How I Found Inspiration from a Billionare
As writing this post, I’m sitting on a United flight from Chicago to San Francisco. While trying not to focus too much on the slightly fidgety 5 year old squirming in the seat next to me, I can’t help but look back over the past period in my life. I’ve had the privilege to be selected, along with 23 fellow students, to the Zell Entrepreneurship Program, a prestigious university-startup accelerator. The yearlong program ends with a 2-week “academic” trip to the United States where among company tours and inspiration talks, we’re shown a sweet taste of the “good life”, something that many of us aspire to and without a doubt will reach soon enough.
Our four-day leg in Chicago was primarily focused on pitching our startups to Sam Zell, the savvy-business mogul, creator and funder of our program. At first glimpse, the 74 year-old Sam is the typical grandfather figure: lovable, funny and full of wisdom. He’s one of those rare people whose energy can be felt the moment they walk in the door.
During one of the attended events of the week, a specific thought came to mind, a thought that has come up many times this year: “what-the-fuck-did-I-do-in-my-life-to-deserve-being-here”. This wasn’t coming from a place of modesty or lack of personal accomplishments, but something that’s felt when in the presence of incredible self-made-billionaires. This specific event was hosted by the US Trust and attended by executives from Back of America, the extended alumni and members of the Zell network. Let’s not forget the king of the ball, Mr. Sam Zell himself.
I’ve attended my fair share of “inspirational” interviews from millionaire CEO’s telling their perfect life stories of how they made it big. This one-hour fireside talk with Sam was different. The glimpse into his thought process and internal elements was truly moving. His “work hard, play hard” lifestyle hit home and I found myself subconsciously doing something I rarely do, actually taking notes and quotes.
1. “Understand and master your field”
Every business you go into, regardless of your role: investor, manager or founder. Make damn sure you know the ins and outs of everything. That doesn’t mean know the micro details of everything, but all the moving parts. There shouldn’t be a question you can’t answer about your business. Sometimes that means going into fields you weren’t planning to. Sam gave the example of how he needed to learn the field of public trading when taking his first company public, because that was PART of the business he had.
2. “Liquidity is gold”
One of the parts I enjoyed the most. He mentioned that several years ago, several days after Forbes had estimated his net worth at around $1 billion, he had cash flow problems and wasn’t sure he would be able to make payroll in one of his companies. His lesson here, net worth on paper is one thing, but at the end of the day, cash is king. Make sure you can liquidize your assets when required.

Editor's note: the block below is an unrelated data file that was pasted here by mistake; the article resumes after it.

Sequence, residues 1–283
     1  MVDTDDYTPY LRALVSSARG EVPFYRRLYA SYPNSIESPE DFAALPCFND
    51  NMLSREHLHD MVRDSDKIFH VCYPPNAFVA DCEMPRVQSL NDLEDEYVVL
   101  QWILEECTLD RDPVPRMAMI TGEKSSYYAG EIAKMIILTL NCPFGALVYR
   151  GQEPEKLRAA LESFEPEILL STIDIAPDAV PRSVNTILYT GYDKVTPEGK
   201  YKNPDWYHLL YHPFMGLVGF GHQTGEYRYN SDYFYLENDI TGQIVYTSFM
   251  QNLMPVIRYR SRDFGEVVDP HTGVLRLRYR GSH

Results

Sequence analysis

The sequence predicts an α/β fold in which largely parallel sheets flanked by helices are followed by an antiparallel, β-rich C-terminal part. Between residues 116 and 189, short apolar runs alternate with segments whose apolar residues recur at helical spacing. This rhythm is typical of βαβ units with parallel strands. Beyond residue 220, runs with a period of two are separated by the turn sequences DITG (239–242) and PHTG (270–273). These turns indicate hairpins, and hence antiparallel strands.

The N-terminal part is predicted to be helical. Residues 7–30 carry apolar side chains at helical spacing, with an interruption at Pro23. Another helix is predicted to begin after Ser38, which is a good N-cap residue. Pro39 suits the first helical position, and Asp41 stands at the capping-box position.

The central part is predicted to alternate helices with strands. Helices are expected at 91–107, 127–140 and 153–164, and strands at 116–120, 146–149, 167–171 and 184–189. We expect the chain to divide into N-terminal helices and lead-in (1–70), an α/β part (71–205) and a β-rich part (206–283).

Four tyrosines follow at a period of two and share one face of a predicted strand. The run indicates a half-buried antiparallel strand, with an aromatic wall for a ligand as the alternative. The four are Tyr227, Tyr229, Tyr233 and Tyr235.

3. “Don’t make too many assumptions”
His mantra in investment is never conduct a deal when too many variables are unknown. In math-talk: try to reduce the degrees of freedom of the equation. Try to look at previous deals / investments you made and look for common parts you can base upon. Then figure out only the new parts.
4. “Nobody gets poor by making a profit”
Not too sure the context mentioned here, but I loved this quote. As someone who’s startups sometimes require acquiring the first users by offering them a product for free, this really hit home. No business is expected to not turn a profit, and cash flow is the blood-flow for any business.
5. “Understand your worst case outcome”
Sam gave an example of previous investments he made that although lost money, were a success. How does that actually make sense? His analysts properly predicted the possible scenarios and the “risk” was calculated and chosen. Failure is actually getting an unexpected outcome. This goes back and fits perfectly with #3, don’t make many assumptions.
6. “Always see scale”
For me personally this was the most impactful. He talked about how as an executive, your job is to make decisions and navigate the ship. That doesn’t mean you need to do everything yourself. Know how, when and to whom to delegate tasks and responsibilities. Without this, you’ll never be able to “scale” and grow. This connected so well with me because of my natural inclination (and curse) to hustle and get shit done as fast as I can, by sometimes being a one-man team. Focusing on teaching and improving your team and partners is the only long term plan that makes sense.
7. “Scarcity is power”
The best story of the night: Sam mentioned that as a 12 year old boy living in Chicago, he would travel everyday to school by train. One day, while traveling the train station, passed by a newsstand. He bought a single copy of Playboy for $0.50. His friends, who didn’t have direct access to the product, were willing to pay $3 for a copy. That was his first lesson of product scarcity, or distribution. Being able to do the “last-mile” distribution and “owning” the customers gives you a hard to beat hand.
That one-hour session of hearing Uncle Sam’s has given me lots of thoughts to process. Both in how I manage my companies and projects and generally my path forward. Will always be grateful for Sam and the Zell program for giving me this great gift. Got to finish this off, we’re landing.